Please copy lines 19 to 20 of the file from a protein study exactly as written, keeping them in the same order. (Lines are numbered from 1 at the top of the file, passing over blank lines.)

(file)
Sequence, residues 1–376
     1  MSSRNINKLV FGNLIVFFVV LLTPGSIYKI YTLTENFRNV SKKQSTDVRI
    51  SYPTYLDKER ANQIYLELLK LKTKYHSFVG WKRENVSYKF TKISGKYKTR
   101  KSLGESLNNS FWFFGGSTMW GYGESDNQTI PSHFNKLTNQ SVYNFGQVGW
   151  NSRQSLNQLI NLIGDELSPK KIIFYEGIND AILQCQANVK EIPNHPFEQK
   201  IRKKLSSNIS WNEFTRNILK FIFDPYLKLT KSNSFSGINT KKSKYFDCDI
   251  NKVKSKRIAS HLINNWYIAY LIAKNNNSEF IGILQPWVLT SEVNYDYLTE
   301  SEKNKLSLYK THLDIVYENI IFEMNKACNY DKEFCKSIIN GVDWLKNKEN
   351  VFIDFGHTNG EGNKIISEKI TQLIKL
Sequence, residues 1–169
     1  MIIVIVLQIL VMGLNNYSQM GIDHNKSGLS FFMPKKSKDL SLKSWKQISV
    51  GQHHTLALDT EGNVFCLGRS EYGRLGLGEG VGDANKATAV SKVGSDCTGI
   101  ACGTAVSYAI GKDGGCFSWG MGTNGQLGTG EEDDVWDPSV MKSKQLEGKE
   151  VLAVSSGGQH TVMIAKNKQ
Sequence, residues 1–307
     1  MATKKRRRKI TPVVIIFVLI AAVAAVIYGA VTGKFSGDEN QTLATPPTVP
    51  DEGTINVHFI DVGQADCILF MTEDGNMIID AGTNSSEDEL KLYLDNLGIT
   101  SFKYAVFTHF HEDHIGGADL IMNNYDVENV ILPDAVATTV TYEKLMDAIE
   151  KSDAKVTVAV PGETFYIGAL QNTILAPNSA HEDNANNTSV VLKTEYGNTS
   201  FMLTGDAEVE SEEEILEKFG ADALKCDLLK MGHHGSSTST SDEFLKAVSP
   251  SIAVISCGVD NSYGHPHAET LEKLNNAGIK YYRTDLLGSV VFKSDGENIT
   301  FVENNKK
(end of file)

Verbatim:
   151  KSDAKVTVAV PGETFYIGAL QNTILAPNSA HEDNANNTSV VLKTEYGNTS
   201  FMLTGDAEVE SEEEILEKFG ADALKCDLLK MGHHGSSTST SDEFLKAVSP